See how the UK’s trading allowance applies to your hobby or side hustle income. Learn which types of earnings are tax-free and which aren’t.
£10 BONUS OFFER: Earn easy cash by watching videos, playing games, and entering surveys.
Get a £10 sign up bonus when you join today.
Join Swagbucks here >>
Have you ever thought about turning your hobby into some extra pocket money? It’s a fantastic way to do what you love and get paid for it at the same time.
But wait, before you start counting your money, there’s something important to know: taxes.
Don’t worry; it’s not as scary as it sounds and shouldn’t put you off earning money.
Let’s break it down so you know exactly what’s what.
What counts as a hobby?
You might be wondering, “What’s a hobby in the eyes of the taxman?”
Well, it could be anything you love doing in your free time.
Maybe you’re into knitting, painting, or making crafts to sell at car boot sales or through your social media.
It could even be a very small casual or occasional business; for example, you could offer dog walking or pet sitting services, rent out your drive or spare room.
The magic number: £1,000
In the UK, you can earn up to £1,000 from your hobby (or hobbies) each tax year without paying any tax.
This is thanks to something called the “Trading Allowance.”
It means that if you make, let’s say, £950 from selling your handmade bracelets this year, you won’t have to give any of it to HMRC.
On top of that, you also don’t even need to tell HMRC that you are earning any additional money or apply to them as self-employed.
The £1,000 is the total income from all things you do. So, if you are making money online, selling things and babysitting, you must combine income from all of them rather than counting them individually.
What earnings don’t count?
When it comes to the Trading Allowance, there are a few things you don’t need to count towards the threshold.
These include if you sell any of your personal items. If you’re having a clear out of your wardrobe and selling your clothes online, this doesn’t count towards anything as you’re not doing it as a hobby or business. However, if you decided to buy clothes in a charity shop and “flip” them or resell them, this would count as a business.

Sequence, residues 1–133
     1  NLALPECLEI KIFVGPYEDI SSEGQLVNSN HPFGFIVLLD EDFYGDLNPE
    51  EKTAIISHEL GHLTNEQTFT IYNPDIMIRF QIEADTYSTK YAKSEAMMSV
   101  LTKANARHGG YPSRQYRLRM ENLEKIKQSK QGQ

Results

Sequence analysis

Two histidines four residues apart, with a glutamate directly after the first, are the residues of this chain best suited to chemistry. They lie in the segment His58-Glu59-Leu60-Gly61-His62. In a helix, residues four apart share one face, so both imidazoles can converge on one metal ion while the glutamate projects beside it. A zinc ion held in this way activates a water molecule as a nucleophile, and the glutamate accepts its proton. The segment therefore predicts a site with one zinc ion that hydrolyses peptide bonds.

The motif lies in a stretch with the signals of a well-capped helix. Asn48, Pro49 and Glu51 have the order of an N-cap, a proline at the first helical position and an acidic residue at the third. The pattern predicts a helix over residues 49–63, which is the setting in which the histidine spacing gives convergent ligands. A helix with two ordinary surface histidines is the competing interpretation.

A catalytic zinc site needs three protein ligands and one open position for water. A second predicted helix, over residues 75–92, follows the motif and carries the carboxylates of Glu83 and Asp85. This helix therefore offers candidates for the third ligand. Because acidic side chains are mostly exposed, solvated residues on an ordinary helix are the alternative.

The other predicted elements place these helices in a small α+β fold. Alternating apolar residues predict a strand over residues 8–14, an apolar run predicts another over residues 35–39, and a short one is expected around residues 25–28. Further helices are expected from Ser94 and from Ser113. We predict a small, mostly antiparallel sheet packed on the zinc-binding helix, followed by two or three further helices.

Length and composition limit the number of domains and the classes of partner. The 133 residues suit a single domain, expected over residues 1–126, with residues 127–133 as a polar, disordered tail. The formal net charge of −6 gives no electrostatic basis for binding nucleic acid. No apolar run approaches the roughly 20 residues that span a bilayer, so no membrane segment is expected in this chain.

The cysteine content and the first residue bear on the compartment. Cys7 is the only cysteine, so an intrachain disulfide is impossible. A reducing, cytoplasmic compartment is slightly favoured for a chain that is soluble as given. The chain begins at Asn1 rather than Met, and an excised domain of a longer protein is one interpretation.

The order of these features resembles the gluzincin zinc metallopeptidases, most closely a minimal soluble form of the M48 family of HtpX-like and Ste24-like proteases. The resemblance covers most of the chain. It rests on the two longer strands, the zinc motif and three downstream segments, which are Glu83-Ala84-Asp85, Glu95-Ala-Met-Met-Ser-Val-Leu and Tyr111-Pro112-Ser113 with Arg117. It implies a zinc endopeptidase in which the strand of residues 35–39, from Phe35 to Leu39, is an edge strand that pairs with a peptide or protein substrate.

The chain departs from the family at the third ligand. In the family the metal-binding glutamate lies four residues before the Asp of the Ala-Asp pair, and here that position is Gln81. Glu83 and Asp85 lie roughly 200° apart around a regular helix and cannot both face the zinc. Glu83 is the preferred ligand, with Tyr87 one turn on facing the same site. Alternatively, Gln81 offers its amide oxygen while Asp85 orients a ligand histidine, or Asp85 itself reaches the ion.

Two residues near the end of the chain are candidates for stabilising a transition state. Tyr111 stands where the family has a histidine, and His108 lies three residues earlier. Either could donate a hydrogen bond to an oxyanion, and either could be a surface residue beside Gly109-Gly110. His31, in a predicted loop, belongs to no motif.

Any money you make from a full-time or part-time PAYE job also doesn’t count as you’ve already been taxed through your payroll, and it comes with its own set of tax rules.
You must be aware that you cannot deduct any expenses from the £1,000 allowance. If you wanted to claim business costs, you’d need to register as self-employed, which may reduce your taxable income.
Even if you don’t need to pay tax, it’s a good idea to keep track of how much you earn.
This includes any invoices you’ve sent or received, bank statements, etc.
It’s future-proofing – say you made £900 from your hobby or side hustle this year but plan to make even more next year.
You’ll need to know when you pass that £1,000 mark so you can tell HMRC about it.
What happens if you earn more than £1,000?
If you’re lucky enough to make more than £1,000 from your hobby, that’s awesome, but you’ll need to let HM Revenue and Customs (HMRC) know.
You’ll have to fill out a Self Assessment tax return form each year.
This form is a way to tell HMRC about your extra earnings so they can work out how much tax you need to pay.
If your gross income for a tax year is more than £1,000, you must register for Self Assessment by 5 October in the following tax year.
Making some extra cash from your hobby is not just fun but also totally doable. And now that you know about the £1,000 tax-free allowance, you can plan better and make every penny count.
The most important thing is to enjoy what you’re doing.
The extra money is just the cherry on top!